Success Factors: Ten countries spotlighted for reducing mortality rates
Despite political and economic challenges, rapid reductions of maternal and child mortality and dramatic improvements in reproductive health and rights are possible, according to a report released at the Partners' Forum in Johannesburg. Success Factors for Women's and Children's Health highlights 10 countries who mobilized action across society, using data to drive decisions to address their unique circumstances. As a result, in the 10 "fast-track" countries, there were 2.4 million fewer child deaths and over 70,000 fewer maternal deaths by 2013 when compared to 1990 mortality rates.
The Success Factors studies, a collaboration of the Partnership for Maternal, Newborn & Child Health (PMNCH), the World Bank, World Health Organization (WHO) and the Alliance for Health Policy and Systems Research, highlighted 10 fast-track countries set to meet Millennium Development Goals 4 (reduce child mortality) and 5 (improve maternal health). Ministries of health in these 10 countries - Bangladesh, Cambodia, China, Egypt, Ethiopia, Lao PDR, Nepal, Peru, Rwanda and Vietnam - convened multistakeholder meetings to review and document each country's progress.
"A better understanding of how some countries have been able to prevent maternal and child deaths can inform all partners' strategies to accelerate progress for women's and children's health," said Dr. Carole Presern, PMNCH Executive Director. "While every country has its own challenges, sustained political will and vision, evidence-based, high-impact investments, and strong partnerships across society can save lives and set a way forward for sustainable health and development."
While the mix of strategies and investments used to address high maternal and child mortality rates differed to meet local context and priorities, fast-track countries some shared some successful approaches. They invested in high-impact health interventions such as quality care at birth, immunization and family planning. They also made progress across multiple health-enhancing sectors such as prioritizing education, women's political and economic participation and access to clean water and sanitation. Economic development and good governance - including political commitment and control of corruption - underpinned progress overall.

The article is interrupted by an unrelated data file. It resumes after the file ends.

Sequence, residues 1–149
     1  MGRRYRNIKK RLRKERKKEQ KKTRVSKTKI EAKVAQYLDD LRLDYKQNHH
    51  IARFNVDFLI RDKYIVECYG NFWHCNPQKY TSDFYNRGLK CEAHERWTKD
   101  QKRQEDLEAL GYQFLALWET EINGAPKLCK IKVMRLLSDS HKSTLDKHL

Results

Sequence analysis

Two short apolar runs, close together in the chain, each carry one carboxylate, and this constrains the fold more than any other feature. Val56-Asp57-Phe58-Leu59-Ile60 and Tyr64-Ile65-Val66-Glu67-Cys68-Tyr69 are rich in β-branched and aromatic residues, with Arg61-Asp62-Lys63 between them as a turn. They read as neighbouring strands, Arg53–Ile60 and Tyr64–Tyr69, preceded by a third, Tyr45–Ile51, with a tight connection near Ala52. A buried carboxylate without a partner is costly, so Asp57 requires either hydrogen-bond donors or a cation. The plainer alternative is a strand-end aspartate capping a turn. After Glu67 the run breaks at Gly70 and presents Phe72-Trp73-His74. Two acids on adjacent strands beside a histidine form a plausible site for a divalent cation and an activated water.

"A great lesson learned from the success factors studies is that we can only truly make progress in women's and children's health by working across sectors," says Dr. Flavia Bustreo, WHO Assistant Director General. "For example in Bangladesh, birth registration went from 10% in 2006 to over 50% thanks to the introduction of mobile technology to allow digital registration. That means the government has now more updated and reliable data, and can better track who and where services are needed so they can be provided more efficiently. Of course the implications go beyond the health sector too - these children now have an identity and rights."
"We need more investment in policy and implementation research," says Dr. Abdul Ghaffar, Executive Director Alliance for Health Policy and Systems Research, "With evidence on effective policy strategies stakeholders can understand and decide where to make investments, alliances and partnerships within and beyond health sector."
Success Factor Report Country Highlights:
- Bangladesh has reduced under-five mortality by 65 percent and maternal mortality by 66 percent. These reductions are associated with improved coverage of essential interventions, such as immunization, oral rehydration therapy and family planning, particularly in underserved areas. Partnerships between government, NGOs and the private sector contributed to improved service delivery. Bangladesh also focused on increasing access to education for girls and gender equity, as well as improving road networks and access to information and communication technology.
- Cambodia saw a 75 percent reduction in maternal mortality between 1990 and 2010. Between 1995 and 2010 there was a 57 percent reduction in child mortality, associated with early access to immunizations, early and exclusive breastfeeding and improvements in socioeconomic conditions. In a particularly innovative use of communications, Cambodia leveraged the reach of mass media to launch a campaign promoting exclusive breastfeeding, which included a storyline in a popular TV soap opera.
- China decreased under-five mortality by 80 percent and maternal mortality by close to 80 percent. It has improved coverage of essential interventions and strengthened the health workforce by training more than 300,000 community workers to become general practitioners. China also made many improvements in sectors outside of health, including improving access to water and sanitation facilities.